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Revolving Door for Afghan Governors
by IWPR (reposted)
Saturday Aug 6th, 2005 11:05 AM
The government is accused of shifting regional chiefs from job to job because it is too scared to fire important players.
By Mohammad Jawad Sharifzada in Kabul (ARR No. 181, 06-Aug-05)

The latest reshuffle of Afghan provincial governors has left many wondering whether the government of President Hamed Karzai was sincere when it promised to remove officials with questionable records from their posts

Since the same powerful warlords and mujahedin leaders have resurfaced again and again in a variety of national- and provincial-level jobs since the fall of the Taleban in 2001, some are now asking whether the cycle will ever be broken.

In late June, with Karzai’s approval, the interior ministry transferred five governors from one province to another.

Among the most controversial moves were the appointment of Gul Agha Sherzai as governor of Nangarhar, who was shifted from his native province of Kandahar. Shirzai is a former mujahedin commander who was in charge of Kandahar until the Taleban forced him out.

In Nangarhar, Sherzai replaced Haji Din Mohammad, formerly a deputy leader in the Hezb-i-Islami mujahedin faction led by Yunus Khalis. He is now governor of Kabul province.

Eyebrows have also been raised at the selection of Haji Shir Alam as governor of Ghazni. Alam is a former militia commander most recently associated with Tanzim-e-Dawat-e-Islami – a political group set up by Abd al-Rabb al-Rasul Sayyaf on the basis of his Ittehad-e-Islami mujahedin faction. Alam was recently barred from standing in the upcoming parliamentary elections because of he was deemed to have retained ties to armed groups.

“Isn’t there anyone else who can be a minister or governor in Afghanistan except for a few warlords?” demanded Hanifullah, a 60-year-old civil servant. Instead of getting rid of them, "the government is just transferring them from one post to another and in doing so it is cheating the people," he said, adding that he now regretted voting for Karzai last year.

The government defended the latest round of appointments.

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Saturday Aug 6th, 2005 11:06 AM
New law pits the government against local charities in the fight to claim foreign aid.

By Abdul Baseer Saeed in Kabul (ARR No. 181, 06-Aug-05)

Who should receive and disperse the foreign aid money flowing into Afghanistan: the government or the legion of domestic and international non-government organisations, NGOs, that have been handling much of the money up to now?

On one side of the debate are the growing number of officials who accuse the NGOs of corruption and inefficiency. On the other are the non-government groups, which contend that the government currently has neither the capacity nor the skills to handle the millions of dollars that are coming in.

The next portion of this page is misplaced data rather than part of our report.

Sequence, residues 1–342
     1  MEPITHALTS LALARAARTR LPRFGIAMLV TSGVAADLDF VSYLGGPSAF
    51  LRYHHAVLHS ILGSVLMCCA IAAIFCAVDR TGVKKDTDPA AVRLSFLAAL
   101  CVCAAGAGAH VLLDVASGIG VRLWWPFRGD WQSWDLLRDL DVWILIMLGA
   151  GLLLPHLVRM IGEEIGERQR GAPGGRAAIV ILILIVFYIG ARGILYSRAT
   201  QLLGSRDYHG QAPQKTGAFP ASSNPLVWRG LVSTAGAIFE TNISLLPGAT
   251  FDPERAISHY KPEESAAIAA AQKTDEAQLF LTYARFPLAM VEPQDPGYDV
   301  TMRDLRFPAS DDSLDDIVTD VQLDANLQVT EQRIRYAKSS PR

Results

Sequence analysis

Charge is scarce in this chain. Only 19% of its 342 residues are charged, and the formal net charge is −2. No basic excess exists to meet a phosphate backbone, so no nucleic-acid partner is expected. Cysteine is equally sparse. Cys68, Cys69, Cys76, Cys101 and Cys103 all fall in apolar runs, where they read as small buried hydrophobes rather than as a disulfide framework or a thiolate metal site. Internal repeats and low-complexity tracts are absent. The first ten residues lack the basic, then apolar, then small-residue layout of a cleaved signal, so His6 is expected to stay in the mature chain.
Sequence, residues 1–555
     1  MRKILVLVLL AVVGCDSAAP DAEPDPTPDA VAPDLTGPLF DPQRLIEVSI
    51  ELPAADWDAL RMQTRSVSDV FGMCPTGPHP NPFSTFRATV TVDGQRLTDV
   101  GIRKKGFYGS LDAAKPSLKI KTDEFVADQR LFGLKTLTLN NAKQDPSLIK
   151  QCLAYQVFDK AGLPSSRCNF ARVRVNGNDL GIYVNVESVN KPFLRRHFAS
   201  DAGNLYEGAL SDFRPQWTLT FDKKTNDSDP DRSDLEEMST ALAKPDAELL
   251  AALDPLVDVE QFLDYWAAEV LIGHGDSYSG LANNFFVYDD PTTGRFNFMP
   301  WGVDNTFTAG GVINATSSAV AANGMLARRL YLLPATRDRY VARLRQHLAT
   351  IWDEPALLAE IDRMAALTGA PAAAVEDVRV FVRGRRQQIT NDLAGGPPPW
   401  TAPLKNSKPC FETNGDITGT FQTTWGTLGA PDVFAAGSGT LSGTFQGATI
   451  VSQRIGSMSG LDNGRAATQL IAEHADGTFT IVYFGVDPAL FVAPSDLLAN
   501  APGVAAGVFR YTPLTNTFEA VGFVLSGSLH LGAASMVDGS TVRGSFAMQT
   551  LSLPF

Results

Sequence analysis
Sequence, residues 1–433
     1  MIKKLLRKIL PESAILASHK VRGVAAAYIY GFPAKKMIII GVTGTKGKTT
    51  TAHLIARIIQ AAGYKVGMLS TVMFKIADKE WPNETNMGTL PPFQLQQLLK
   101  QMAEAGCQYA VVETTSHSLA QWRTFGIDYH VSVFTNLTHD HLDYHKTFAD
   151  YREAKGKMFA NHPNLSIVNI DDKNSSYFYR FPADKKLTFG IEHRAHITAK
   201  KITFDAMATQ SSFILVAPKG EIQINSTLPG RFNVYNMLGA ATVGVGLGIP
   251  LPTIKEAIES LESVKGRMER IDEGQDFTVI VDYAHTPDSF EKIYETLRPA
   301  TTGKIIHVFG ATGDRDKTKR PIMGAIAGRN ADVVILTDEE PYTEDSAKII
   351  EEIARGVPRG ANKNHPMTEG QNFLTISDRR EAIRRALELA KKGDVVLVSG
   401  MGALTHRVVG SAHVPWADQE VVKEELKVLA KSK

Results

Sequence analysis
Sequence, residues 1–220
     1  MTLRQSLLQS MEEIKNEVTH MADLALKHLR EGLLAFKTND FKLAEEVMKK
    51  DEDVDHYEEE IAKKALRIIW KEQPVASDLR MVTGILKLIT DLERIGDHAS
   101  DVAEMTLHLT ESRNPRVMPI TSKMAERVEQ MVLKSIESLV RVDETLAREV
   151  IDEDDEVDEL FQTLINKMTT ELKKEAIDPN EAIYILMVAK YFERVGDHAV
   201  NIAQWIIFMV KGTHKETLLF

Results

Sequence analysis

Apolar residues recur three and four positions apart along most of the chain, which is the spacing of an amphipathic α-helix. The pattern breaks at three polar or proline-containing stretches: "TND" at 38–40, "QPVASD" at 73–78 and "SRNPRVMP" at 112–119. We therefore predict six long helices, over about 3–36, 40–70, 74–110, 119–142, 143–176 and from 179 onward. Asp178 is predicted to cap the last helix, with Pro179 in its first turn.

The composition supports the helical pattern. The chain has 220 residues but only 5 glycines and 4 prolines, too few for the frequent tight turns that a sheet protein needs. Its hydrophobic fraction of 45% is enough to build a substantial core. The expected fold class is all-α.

A new law, signed by President Hamed Karzai in mid-June but not published until July, seeks to resolve the dispute by establishing stringent controls over which types of organisations can register for NGO status, and regulating the types of projects NGOs can undertake.

At present, there are close to 2,400 NGOs operating in the country, involved in projects ranging from dam construction to media development, like IWPR. Other than the requirement that they file quarterly reports with the economics ministry, the government has until now imposed few restrictions on their operations.

The new law requires all NGOs to reapply for permission to work in the country. Their applications must be approved by an evaluation commission composed of five representatives from various ministries, before the economics ministry can register them.

In addition, the new law bars NGOs from being involved in certain types of projects, such as construction and overtly political activities.

Some NGO directors say they are concerned that the legislation could limit the scope and effectiveness of their activities.

“The law has some shortcomings such as the lack of detail regarding expenditures, and the restrictions on NGO engagement in construction,” said Sayed Fazlullah Wahidi, chairman of the Afghan NGOs Coordination Bureau, ANCB, an umbrella organisation. “All of this indicates the imposition of limitations on NGO activities.”

The dispute over control of foreign-aid money has been simmering for some time.

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Saturday Aug 6th, 2005 11:08 AM
Carpet Industry Still Faces Challenges
Hand-woven rugs are an important export for Afghanistan, but neighbouring Pakistan is attempting to make inroads into the industry.

By Abdul Baseer Saeed in Kabul (ARR No. 181, 06-Aug-05)

Carpet weaving is one of Afghanistan’s foremost industries, and the hand-woven treasures constitute one of the best export hopes. But years of civil strife drove many to flee their country for neighbouring Pakistan, where their business continued to flourish.